There are three basic types of RESPs: individual plans, family plans and group plans.
Anyone can open an individual RESP and anyone can contribute to it. This includes parents, grandparents, aunts, uncles and friends. You can even contribute to an individual plan for yourself.
A family RESP can have one or more beneficiaries, but each beneficiary must be related to the contributor. The beneficiaries must be under 21 when they’re named. Contributions can only be made until a beneficiary turns 21.
A group/pooled RESP pools the contributions of many investors. Contributions are made according to a schedule and are used to buy plan units. The date the plan matures is set at the time of enrolment and is based on the child’s birth date. When the plan matures, the beneficiary usually shares in the pooled earnings of investors with children the same age. If your child does not begin postsecondary studies at the same time as the rest of the group, the earnings you receive from the plan may be affected. And if you drop out of the plan before it matures, you forfeit all of your earnings to the group. These plans are sometimes known as Scholarship plan RESPs, which you buy from scholarship trust companies.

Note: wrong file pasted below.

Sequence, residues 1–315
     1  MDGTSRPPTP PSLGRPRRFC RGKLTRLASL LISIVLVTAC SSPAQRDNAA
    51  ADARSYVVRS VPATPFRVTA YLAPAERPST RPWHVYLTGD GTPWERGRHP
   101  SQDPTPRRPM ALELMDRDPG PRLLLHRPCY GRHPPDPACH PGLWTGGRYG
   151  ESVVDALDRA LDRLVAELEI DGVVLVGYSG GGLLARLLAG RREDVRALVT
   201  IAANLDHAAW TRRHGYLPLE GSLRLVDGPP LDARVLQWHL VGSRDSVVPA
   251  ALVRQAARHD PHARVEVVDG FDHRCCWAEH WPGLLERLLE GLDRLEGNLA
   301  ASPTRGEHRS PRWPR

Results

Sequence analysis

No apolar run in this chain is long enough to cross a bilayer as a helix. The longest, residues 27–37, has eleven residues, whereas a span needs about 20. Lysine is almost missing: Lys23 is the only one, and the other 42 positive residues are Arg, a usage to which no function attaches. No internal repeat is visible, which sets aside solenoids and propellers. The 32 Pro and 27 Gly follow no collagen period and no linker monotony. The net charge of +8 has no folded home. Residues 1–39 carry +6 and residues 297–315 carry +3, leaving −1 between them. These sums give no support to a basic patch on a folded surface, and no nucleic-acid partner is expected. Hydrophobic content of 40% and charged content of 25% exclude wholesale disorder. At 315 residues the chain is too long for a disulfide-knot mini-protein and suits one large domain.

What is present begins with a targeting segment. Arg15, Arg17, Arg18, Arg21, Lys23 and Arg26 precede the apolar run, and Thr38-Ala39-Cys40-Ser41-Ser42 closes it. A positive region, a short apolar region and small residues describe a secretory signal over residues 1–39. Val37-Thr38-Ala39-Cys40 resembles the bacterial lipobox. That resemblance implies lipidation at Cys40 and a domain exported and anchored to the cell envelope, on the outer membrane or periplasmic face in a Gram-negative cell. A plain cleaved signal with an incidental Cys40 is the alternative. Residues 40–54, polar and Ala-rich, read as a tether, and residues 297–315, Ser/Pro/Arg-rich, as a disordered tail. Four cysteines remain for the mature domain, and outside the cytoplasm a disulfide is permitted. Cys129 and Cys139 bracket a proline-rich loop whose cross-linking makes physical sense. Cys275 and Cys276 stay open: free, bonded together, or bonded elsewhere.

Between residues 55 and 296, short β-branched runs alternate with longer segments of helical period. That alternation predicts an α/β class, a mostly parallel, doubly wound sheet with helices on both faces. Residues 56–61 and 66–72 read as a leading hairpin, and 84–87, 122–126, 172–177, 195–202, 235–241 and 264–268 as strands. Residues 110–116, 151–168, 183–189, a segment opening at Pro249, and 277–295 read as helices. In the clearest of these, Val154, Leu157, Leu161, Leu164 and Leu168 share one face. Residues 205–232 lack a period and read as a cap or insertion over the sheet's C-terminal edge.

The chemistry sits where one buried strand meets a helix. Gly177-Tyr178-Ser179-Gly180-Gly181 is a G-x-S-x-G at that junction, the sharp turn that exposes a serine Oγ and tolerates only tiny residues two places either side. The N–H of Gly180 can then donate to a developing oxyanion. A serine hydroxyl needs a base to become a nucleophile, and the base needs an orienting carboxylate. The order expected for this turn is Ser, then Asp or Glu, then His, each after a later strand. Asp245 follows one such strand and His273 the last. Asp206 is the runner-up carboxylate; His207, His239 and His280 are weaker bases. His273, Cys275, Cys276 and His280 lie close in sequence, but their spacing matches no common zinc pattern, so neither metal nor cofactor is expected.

Choosing the right plan
You can open an RESP through banks, credit unions, mutual fund companies, investment dealers and scholarship plan dealers. You’ll need a social insurance number (SIN) for yourself and each beneficiary to open a plan.
Each type of plan works a little differently. Make sure you understand all the rules before you choose a plan. Here are some of the things you need to consider before you invest:
– Number of beneficiaries
– Age of beneficiaries
– Investment options
– Risk and return
– Fees and Costs
– Ability to withdraw funds
– Cancelling the plan
Your RESP provider or financial adviser can give you information about specific plans and help you choose the plan that’s right for you.
Click here to read more information about RESPs: Lots to Know about RESPs